Volume 34, No. 9 October 2003

Convention news


Teaching children about resilience
Print version: page 44

Psychologists interested in teaching resilience skills to children and helping parents, school staff and others foster these skills attended the 10th Annual Institute for Psychology in the Schools at APA's 2003 Annual Convention.

The institute, titled "Resilience: inoculating children from the inside out," was a feature of the latest focus on children and teenagers in APA's ongoing "Road to Resilience" public education campaign. As part of this campaign, the APA Practice Directorate recently launched its "Resilience for Kids and Teens" initiative (see September Monitor).

In line with the resilience theme, psychologist Dan Dodgen, PhD, emergency management coordinator for the Substance Abuse and Mental Health Services Administration (SAMHSA) at the U.S. Department of Health and Human Services, delivered the institute's keynote address about the federal government's focus on prevention--and resilience as a primary component of prevention. Dodgen spoke on behalf of the Surgeon General's office about the mental health prevention initiatives being coordinated through that office, SAMHSA, the Centers for Disease Control and Prevention and other government offices.

Speaking on behalf of APA's resilience efforts were Helen Mitternight, the Practice Directorate's assistant executive director for public relations, and Jennifer Zabriskie of Pacific Visions Communications. They discussed the history and evolution of the directorate's resilience-focused public education campaign and described how psychologists have used APA-generated campaign materials to distribute messages about resilience in their local communities.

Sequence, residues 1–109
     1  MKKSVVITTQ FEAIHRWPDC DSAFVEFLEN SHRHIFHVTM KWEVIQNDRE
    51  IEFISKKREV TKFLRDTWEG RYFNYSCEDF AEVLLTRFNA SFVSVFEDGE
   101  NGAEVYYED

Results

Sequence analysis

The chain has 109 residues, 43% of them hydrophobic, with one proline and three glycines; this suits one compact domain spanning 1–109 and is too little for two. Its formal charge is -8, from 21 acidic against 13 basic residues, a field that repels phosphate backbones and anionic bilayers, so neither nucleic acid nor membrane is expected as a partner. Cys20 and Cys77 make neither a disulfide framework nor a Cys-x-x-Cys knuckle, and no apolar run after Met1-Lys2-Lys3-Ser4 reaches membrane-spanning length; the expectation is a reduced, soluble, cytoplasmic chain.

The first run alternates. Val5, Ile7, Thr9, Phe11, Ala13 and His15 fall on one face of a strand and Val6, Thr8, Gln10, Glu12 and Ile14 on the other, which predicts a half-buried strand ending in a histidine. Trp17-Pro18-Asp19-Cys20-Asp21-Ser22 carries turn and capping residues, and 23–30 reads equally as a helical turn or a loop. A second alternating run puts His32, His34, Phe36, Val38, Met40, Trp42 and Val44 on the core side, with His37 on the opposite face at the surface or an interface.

Later, Ron Palomares, PhD, the directorate's assistant executive director for psychology in the schools, discussed challenges of using resilience materials in schools and shared ways of overcoming potential obstacles.

Another speaker, Nancy Molitor, PhD, of the Northwestern University Medical School, worked with a group of local 9- and 10-year-olds to help them define resilience, provided tips on how to be resilient and helped them create a collage of ideas on ways people demonstrate resilience. The interactive session provided an example of the kind of community outreach that grassroots psychologists can engage in as part of the "Resilience for Kids and Teens" initiative.


APA members can get copies of resilience brochures at www.apahelpcenter.org.
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© 2003 American Psychological Association